"They must have told you that I am a Fascist," he said with a boyish giggle. "Of course I am not. I am a Jesuit. Moreover, the only restoration I care for is the restoration of society to Christ. But, if we want to be serious and not just cry wolf after the wolf is dead, as people are doing today, we have to recognize that Fascism, insofar as it realized that the social problem is first of all a problem of authority and that there can be no authority without Catholicism, was a step in the right direction, and a most important one at that. The trouble was that, like so many Italians, Mussolini was an amateur. He thought it possible for a political leader of our time to be a Catholic only up to a certain point. In this he was no better than so many liberal politicians. Italy is now paying for his mistake. But the fact is that, if Fascism has been defeated, it has by no means been proved wrong. We knew that the moment we became a conquered people. If I were a cardinal I would be prudent. But I am a parish priest, and what can I, in all conscience, tell people who come to me for advice, except that the principle which was beginning to give the Italian nation a true Catholic shape must not be given up? What comforts me is that the younger generation seems to be aware of this duty."

All this was asserted with passion, as if it were an absolutely personal belief. But it wasn't. In fact, another Jesuit, Father Lombardi, the most popular orator in Italy after Togliatti, was saying very much the same thing, in public places as well as over the radio. He introduced himself on the radio with the words "Jesus is at the microphone. Jesus wants to speak to you. Listen to Jesus" (the cover of the volume in which his radio talks have been collected bears a reproduction of the head of Christ from Raphael's Transfiguration, with the addition of a neatly drawn microphone in the right corner). As for Father Lombardi's political message, it was quite straight. 

He tried to give heart to the distressed Italians by pointing out that "a newly reorganized life might be better than the one we have been forced to renounce." Italy, he said, still has the greatest possessions of all, Rome and the Pope. Italy's greatest glories have all been Christian and Catholic. The nation can be reborn in spite of the "shameful peace treaty" imposed on her by "the cowardice of the conquerors." Italy has a right to have her colonies back and also to have a new army, whose young soldiers "can again confidently sing the motherland's songs." If the Italians stick by their "two mothers, the motherland and the Church," there can be no doubt about "the final triumph." In-his final talk, the speaker was troubled by the query whether "the devil will not unleash a battle in order to prevent Italy's rebirth in Christ . . . and spill new blood over our soil." "That blood," the Father reassuringly answered himself, "if it should be spilled, will spell doom for the men who have committed the crime. And from that blood Italy will be reborn, more beautiful than ever."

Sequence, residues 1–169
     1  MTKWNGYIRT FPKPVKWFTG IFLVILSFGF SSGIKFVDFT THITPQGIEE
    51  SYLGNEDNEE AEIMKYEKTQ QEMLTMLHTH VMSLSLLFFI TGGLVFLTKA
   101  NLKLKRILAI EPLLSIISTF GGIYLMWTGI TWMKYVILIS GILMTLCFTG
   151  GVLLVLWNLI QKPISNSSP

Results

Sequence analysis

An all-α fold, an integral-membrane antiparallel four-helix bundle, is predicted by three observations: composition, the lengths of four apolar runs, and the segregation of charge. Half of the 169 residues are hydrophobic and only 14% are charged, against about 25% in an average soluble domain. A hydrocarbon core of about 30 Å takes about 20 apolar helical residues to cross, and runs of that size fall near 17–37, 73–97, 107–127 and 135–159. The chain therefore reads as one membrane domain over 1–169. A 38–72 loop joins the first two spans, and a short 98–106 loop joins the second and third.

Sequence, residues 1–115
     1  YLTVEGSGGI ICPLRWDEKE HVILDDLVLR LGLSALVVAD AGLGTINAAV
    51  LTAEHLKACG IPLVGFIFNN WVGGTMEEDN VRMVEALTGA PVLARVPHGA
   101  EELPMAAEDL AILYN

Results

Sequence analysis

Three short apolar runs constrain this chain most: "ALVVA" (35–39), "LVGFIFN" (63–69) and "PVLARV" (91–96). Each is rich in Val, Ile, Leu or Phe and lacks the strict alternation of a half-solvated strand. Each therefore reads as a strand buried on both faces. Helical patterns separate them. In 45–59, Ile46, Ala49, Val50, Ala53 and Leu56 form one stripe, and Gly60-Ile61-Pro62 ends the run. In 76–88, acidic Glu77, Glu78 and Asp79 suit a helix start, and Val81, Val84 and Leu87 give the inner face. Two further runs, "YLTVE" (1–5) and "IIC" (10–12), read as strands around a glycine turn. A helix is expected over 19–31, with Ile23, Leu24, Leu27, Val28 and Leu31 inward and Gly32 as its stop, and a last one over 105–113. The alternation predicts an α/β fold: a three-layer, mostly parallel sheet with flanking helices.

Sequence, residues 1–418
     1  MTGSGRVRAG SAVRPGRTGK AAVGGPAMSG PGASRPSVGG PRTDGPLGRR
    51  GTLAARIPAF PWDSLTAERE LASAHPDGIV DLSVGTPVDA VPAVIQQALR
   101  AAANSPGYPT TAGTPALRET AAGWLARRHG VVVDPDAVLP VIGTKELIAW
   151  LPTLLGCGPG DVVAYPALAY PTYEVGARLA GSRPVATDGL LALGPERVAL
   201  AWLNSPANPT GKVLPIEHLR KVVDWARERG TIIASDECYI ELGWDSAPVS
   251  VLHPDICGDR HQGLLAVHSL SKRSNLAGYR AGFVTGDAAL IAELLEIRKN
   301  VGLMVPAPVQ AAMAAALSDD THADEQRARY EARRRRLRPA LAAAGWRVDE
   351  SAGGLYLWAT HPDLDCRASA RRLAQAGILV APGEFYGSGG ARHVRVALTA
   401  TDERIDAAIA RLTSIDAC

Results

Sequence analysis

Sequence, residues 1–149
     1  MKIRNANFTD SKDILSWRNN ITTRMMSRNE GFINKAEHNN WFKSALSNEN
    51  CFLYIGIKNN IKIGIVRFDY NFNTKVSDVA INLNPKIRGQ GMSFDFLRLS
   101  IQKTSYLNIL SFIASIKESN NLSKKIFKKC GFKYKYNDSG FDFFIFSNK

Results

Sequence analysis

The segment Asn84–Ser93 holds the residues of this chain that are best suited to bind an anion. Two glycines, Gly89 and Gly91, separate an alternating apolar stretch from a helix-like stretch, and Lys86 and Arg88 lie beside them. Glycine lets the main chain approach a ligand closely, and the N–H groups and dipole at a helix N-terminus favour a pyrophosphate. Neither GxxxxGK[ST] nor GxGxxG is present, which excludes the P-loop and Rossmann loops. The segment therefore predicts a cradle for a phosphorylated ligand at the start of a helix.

I told Martelli that his remarks reminded me of what Father Lombardi had been preaching. The general idea seemed to be National Catholicism, or was I wrong?

"I can see the logic of it," I said, "but I don't see how your notion of authority can be made to work. If what you have in mind is straight theocracy, then allow me to say that in my opinion it hasn't got a chance. Granted that the Italians are by and large still Catholics, you must admit that their Catholicism is of such a kind that it excludes precisely the notion that the Church should become an absolute power. And you are not thinking of a new adventure in dictatorship, are you?"

"You have been away a long time," he answered. "Apparently you have remained more of an optimist than I have. You still think in terms of intellectual alternatives. But, my dear friend, there are no alternatives. Would to God that theocracy, as you call it, were today an actual choice. It would mean that society had remained essentially Christian. Harmony between religion and politics would then still be the generally accepted norm, and it could always be achieved through some kind of wise adjustment. Unfortunately, we don't live in the thirteenth century. We live in a time that is the negation of any harmony. If you were a priest, you would know to what a horrible extent the moral life of the individual is constantly yielding ground under the pressure of social disorder. Christian restoration today means Christian reconquest of society. The only question is 'Where should we start from?' If by dictatorship you mean emergency power, I can only answer that the present situation is, indeed, one of dire emergency. There is no other point from which to start except an act of authority.”

I left, and found myself back in the Roman streets and squares: the Roman space, so generous, so free of compulsion, rejecting nothing, asking nothing of the individual, except that he pick up a disguise and play a role, forgetting himself in it. The cast is innumerable, the stage set once and for all. There is room for the Fanatic on it, and for the Cynic. Only the real person is excluded: the heretic. Or isn't he?

* A Roman aristocracy created by popes and not by kings. —Ed.

Image: Mary McCarthy, Nicolò Tucci, Nicola Chiaromonte, New York, Lionel Abel, 1947